Bankruptcy Attorney Says Revealing FTX Client Names Will Hurt ‘Potential Reboot’

Lawyers for the Committee of Creditors argued Wednesday that releasing the names of the 9 million bankrupt cryptocurrency exchange clients could hurt the company’s “potential restart”.

It is the latest development within the range Ongoing dispute on whether the names of FTX creditors should be made public. In addition to the privacy concerns, attorneys for the creditors’ committee are now arguing that disclosing these names could harm the value of the company and thus harm creditors.

Chris Hansen, partner of Paul Hastings, an attorney representing the creditors’ committee, said during a court hearing in Delaware.

“For balance, we looked at it and said we have two big missions here,” Hansen said. “One is assessing the value attached to these assets from a sale perspective and assessing the value attached to these assets for a potential reboot is how we have indicated it on our website. Reboot is complex,” he says.

Hastings’ reference to the “value” of the list relates to one of FTX’s arguments against disclosing identifying information about its customers, even under seal. FTX’s restructuring team has asked the judge for permission to keep the listing completely private for the next six months, which they say will give the company time to market the listing as a salable asset to buyers.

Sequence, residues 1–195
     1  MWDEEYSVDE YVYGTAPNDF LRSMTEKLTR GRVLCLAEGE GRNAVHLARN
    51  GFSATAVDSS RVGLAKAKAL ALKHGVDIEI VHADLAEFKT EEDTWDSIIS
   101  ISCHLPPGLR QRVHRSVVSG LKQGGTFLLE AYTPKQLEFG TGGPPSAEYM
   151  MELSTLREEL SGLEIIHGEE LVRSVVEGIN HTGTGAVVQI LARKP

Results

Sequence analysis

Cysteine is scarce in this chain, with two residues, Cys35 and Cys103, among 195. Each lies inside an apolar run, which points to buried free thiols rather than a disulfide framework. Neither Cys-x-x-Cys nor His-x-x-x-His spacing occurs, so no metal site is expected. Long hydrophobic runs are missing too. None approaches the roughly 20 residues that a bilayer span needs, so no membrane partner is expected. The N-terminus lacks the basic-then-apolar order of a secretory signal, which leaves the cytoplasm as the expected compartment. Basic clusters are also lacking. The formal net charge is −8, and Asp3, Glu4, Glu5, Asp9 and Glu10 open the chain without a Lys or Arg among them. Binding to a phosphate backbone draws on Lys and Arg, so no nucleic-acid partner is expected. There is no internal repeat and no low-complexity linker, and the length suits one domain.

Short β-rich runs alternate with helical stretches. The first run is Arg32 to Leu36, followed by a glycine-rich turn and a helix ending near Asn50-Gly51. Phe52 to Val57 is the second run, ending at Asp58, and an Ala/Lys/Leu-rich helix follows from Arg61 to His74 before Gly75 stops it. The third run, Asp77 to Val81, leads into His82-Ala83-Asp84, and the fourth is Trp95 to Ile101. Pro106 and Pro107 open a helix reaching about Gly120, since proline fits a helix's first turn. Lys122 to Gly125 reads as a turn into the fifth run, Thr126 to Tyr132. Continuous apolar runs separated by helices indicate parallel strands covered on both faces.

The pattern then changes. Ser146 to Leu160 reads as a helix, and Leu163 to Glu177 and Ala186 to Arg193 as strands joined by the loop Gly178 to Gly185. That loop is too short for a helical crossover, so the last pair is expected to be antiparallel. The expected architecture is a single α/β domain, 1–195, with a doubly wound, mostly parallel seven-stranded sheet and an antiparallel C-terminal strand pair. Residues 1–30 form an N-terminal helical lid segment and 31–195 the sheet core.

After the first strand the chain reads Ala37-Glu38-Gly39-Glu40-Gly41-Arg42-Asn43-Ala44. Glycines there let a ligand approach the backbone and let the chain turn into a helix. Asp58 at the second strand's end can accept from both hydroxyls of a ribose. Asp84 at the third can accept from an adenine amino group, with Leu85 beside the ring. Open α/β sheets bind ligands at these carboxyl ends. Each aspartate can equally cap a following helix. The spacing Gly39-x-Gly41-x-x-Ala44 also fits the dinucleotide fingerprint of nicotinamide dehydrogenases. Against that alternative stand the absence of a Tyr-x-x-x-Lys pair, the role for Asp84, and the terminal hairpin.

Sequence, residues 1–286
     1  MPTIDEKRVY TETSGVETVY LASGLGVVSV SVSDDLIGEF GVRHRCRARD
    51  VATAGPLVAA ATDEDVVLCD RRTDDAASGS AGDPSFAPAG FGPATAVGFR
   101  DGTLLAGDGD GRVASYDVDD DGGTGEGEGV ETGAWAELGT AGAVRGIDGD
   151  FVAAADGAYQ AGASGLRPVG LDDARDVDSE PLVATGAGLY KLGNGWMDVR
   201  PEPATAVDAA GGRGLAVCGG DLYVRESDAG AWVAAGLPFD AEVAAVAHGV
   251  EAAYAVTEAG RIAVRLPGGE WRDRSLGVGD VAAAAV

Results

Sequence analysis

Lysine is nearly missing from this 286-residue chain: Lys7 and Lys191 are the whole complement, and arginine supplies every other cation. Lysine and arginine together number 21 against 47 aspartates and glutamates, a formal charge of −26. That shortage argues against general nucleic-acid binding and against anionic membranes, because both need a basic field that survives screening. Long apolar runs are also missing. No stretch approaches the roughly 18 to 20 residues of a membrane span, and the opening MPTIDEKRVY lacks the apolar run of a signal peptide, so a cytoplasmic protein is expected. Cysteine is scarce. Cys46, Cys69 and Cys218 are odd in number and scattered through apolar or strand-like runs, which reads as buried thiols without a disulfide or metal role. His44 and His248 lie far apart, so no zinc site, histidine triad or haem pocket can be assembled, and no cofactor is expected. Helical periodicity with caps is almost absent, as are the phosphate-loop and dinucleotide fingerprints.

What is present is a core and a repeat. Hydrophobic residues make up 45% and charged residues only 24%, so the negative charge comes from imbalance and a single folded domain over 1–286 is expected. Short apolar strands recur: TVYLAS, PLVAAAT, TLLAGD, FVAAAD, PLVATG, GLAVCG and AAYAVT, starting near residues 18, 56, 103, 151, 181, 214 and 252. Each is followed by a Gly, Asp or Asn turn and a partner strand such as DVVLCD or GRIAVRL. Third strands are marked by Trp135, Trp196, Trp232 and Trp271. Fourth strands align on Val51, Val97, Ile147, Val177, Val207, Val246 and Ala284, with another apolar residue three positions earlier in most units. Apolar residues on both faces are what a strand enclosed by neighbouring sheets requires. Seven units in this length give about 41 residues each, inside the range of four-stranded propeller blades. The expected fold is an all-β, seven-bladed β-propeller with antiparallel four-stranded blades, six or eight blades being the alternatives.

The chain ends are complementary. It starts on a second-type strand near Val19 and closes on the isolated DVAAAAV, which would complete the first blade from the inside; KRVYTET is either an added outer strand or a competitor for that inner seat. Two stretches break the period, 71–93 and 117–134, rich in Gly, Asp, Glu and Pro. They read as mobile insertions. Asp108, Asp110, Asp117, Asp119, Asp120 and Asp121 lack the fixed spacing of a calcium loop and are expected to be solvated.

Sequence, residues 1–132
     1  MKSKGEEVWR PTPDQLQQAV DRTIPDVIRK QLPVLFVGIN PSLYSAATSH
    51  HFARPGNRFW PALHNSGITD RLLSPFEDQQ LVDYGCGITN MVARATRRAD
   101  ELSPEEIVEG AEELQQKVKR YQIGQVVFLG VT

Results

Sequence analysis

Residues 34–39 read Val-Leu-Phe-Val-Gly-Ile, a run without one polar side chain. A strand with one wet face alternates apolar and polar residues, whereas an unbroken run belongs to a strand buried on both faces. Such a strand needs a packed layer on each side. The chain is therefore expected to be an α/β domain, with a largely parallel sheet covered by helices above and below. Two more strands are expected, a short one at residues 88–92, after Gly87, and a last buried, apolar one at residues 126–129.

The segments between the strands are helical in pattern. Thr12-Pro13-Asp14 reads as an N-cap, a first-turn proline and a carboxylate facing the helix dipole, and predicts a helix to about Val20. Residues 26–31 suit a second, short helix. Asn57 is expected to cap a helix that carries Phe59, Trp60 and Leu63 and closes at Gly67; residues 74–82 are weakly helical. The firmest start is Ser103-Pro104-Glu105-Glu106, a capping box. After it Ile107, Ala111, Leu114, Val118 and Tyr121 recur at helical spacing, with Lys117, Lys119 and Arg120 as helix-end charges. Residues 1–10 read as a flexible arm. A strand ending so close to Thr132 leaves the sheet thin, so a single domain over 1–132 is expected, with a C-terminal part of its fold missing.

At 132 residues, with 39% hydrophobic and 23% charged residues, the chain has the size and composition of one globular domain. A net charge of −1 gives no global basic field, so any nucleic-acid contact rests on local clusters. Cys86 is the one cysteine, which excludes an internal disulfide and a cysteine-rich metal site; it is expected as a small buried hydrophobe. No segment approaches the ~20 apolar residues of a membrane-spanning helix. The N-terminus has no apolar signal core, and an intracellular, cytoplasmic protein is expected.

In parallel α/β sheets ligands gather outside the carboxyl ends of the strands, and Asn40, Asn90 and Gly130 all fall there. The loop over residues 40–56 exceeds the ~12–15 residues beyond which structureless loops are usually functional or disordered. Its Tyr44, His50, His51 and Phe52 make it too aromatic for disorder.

At the end of the hearing, US Bankruptcy Judge John Dorsey decided to allow FTX to keep customer names confidential for three months. “I am concerned with protecting the identity of these individuals,” Dorsey said.

Releasing the names of FTX clients, or when to do so, has been a contentious issue since last month.

FTX’s lawyers also argued that the company’s privacy would be harmed if their information was exposed. There is recent precedent for that.

Celsius, which is subject to its own bankruptcy procedures, Names issued, crypto wallet identifiers, types and amounts of transactions, services used by customers, types and quantities of tokens held by customers in 14,500 pages of court filing in October. The data leak caused a lot of backlash on social media.

The FTX bankruptcy case was originally transferred from the Bahamas with The names of the creditors have been revised. But Judge John Dorsey, who is overseeing the proceedings, allowed David Finger, the attorney representing the media, to do so. Argument for dropping names From FTX clients.

FTX’s legal team has suggested that releasing the names could put these clients at risk of personal harm, including kidnapping. US Regency Juliette Sakissian was skeptical.

“Kidnapped? She said Bassem. “We don’t even know what country these people live in.”

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